“It’s one of the best jobs there is.”
That’s how one air traffic controller based in Aberdeen’s Air Traffic Control Unit described the career path he took, as a drive gets under way to hire more controllers from the city.
Nats, which provides air traffic control services at the city’s airport and heliport, is on the hunt to recruit 700 new controllers across the UK over the next five years.
In Aberdeen there is a focus on doubling the number of air traffic controllers who hail from the city from six to around 12 in a bid to retain more staff.
There are currently around 60 air traffic controllers in the city.
Adam Buttercase, who lives in Kintore, has worked in the role since August 2011.
The 28-year-old first read about the job in a careers book at secondary school aged 16.
He said: “Initially I was looking at possibly becoming a pilot and then decided that was just a bit too costly for me.
“So I stumbled across air traffic control, read a bit about the job and thought it sounded quite interesting. I enjoy problem-solving and multi-tasking anyway.
“The benefits were good, the company trained you from day one and if you were successful you had a job with them.”
Most of Adam’s school teachers assumed he would be going to university but he instead chose to “take the risk” of pursuing his chosen career, applying the same month he left secondary school.
The air traffic controller, who is originally from Kirkcaldy, said: “I went through the selection process with Nats, which took about six months, before getting offered a position at their training college.
“I accepted the job knowing that I could be posted anywhere, so being less than two hours from home was quite nice.
“I don’t mind being away from home but it’s close enough I can still go and see family and friends without too much difficulty.”
In terms of the best aspects of the job, Adam thinks it is the “variety day to day”.
He said: “The fact you get immediate reward for doing a good job, you see the results there in front of you straight away.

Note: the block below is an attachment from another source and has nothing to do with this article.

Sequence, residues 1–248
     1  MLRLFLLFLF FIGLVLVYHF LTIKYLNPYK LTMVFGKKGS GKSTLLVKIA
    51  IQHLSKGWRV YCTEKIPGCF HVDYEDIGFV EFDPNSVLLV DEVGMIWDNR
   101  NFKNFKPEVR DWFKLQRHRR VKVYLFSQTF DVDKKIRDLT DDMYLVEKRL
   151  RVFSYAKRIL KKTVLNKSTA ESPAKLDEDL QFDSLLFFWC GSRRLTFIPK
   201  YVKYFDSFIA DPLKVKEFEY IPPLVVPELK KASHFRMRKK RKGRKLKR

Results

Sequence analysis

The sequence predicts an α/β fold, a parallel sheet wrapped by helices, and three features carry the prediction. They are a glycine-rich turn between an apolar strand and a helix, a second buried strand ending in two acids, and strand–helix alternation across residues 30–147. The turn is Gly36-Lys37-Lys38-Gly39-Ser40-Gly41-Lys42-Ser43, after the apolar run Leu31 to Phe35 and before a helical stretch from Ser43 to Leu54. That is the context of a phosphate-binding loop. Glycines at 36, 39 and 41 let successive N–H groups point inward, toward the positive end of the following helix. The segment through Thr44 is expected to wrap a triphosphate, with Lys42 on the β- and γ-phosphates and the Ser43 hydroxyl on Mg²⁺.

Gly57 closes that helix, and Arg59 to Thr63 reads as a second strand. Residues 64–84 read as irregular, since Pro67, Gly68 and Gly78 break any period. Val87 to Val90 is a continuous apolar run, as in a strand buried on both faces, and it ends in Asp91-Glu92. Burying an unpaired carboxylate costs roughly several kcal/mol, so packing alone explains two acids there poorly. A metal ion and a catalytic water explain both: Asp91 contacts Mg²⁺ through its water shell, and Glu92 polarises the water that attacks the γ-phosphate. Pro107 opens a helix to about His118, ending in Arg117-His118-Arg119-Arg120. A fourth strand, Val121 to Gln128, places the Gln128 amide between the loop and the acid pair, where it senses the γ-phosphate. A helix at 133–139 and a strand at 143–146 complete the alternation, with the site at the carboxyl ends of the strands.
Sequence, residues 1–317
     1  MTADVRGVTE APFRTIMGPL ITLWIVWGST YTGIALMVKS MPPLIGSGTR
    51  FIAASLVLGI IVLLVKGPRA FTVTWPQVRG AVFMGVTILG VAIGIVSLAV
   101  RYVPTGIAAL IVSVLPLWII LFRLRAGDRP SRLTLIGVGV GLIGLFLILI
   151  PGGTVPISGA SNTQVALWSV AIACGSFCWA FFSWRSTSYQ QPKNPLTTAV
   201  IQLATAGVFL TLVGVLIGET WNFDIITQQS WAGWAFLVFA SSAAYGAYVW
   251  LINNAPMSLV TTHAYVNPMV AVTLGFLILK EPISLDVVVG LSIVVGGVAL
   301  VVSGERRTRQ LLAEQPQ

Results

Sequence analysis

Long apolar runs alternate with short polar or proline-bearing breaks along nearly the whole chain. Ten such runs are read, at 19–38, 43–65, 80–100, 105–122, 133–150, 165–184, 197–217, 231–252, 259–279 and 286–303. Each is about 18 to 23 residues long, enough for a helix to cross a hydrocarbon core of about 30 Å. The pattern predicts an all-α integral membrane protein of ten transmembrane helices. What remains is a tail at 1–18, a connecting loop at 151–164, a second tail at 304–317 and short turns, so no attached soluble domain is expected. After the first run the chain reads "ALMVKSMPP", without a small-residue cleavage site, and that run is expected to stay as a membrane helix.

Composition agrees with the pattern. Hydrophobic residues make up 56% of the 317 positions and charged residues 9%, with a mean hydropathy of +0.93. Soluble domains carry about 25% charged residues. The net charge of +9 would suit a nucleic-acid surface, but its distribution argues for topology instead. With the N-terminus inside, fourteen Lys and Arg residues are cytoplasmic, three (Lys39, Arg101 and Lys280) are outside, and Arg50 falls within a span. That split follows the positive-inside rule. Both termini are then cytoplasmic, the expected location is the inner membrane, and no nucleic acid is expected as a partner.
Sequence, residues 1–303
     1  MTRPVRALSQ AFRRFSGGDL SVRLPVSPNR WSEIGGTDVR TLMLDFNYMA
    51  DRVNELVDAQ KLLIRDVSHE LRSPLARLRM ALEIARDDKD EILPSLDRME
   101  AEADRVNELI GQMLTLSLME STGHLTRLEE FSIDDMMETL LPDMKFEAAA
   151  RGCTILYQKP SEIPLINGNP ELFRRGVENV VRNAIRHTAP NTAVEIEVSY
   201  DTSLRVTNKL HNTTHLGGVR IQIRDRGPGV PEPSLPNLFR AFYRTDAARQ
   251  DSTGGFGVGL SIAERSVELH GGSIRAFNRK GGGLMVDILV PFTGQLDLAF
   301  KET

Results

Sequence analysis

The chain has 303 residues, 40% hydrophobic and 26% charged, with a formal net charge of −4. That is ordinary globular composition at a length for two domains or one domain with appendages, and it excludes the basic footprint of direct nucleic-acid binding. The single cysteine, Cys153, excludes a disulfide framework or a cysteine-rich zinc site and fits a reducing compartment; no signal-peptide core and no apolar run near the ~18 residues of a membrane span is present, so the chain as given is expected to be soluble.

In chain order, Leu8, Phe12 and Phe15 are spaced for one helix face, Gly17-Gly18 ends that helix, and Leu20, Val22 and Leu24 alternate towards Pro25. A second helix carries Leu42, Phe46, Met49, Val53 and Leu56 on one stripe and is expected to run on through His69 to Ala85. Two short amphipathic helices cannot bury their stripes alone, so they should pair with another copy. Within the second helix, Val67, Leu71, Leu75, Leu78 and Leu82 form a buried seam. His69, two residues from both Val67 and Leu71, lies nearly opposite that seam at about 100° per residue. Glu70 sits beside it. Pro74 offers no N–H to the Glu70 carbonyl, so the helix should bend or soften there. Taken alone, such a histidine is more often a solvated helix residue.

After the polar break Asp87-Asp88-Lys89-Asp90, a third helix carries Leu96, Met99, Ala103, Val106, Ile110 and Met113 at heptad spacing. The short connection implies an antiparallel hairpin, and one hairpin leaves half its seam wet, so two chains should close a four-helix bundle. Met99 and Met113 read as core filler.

“The fact it’s basically a never-ending problem-solving game means you’re always having to come up with solutions and new ideas all the time and it challenges you and keeps you mentally active, I enjoy that.
“You don’t find yourself getting very bored at work.”
An average day for Adam will see him control flights for about an hour, then have a break, perhaps some breakfast.
After he has had something to eat and drink, he will come back in to give his colleague a break and then control for another hour, with the days tending to rotate in this way.
Adam said: “We can work a maximum of two hours which sometimes we have to, but we try not make people work the maximum, just to keep fatigue to a minimum.
“In my breaks I can use them for what I want. I might relax, have something to eat. If I’ve got some other tasks to be doing such as organising visits to the tower or organising recruitment events then I can be involved in these other things as well.”
While visiting the air traffic control unit, The Evening Express was struck by how calm the atmosphere was.
Adam says as soon as you tell someone you’re an air traffic controller they remark that the role must be “stressful”.
But he disputes this, adding that he likes to differentiate between the word “stressful” and the word “pressured”.
He said: “At times you can have a level of pressure when you’re working but that’s when it’s at its busiest or there’s maybe an emergency you have to deal with.
“You’re aware of the responsibility you have to that plane or to the pilot and that you have a sense of pressure when it’s busy.
“But you never feel stressed and you don’t go home feeling stressed.
“I come into work, I do my job and then I hang my headset up at the end of my shift, go home and don’t have to think about work until I come in the next day.
“We’re so highly trained that you’re prepared to deal with pretty much any situation that comes your way.”
Adam also has a passion for cars and motorsports, which the flexibility of his job allows him to enjoy.
He said: “We work six days and then get four days off so it’s kind of like a long weekend.
“It’s a long enough time for me to go home and visit family for the weekend or go away for a few days if I want to without having to take a week off work.
“I love the job and I love the work environment and the number of people I’ve got to know through that and the friends that I’ve made.
“It’s quite nice to be able to say you enjoy coming into work each day and it doesn’t feel like a chore.
“I would say it’s one of the best jobs that there is. I genuinely think there’s not many downsides to the job that I can think of.”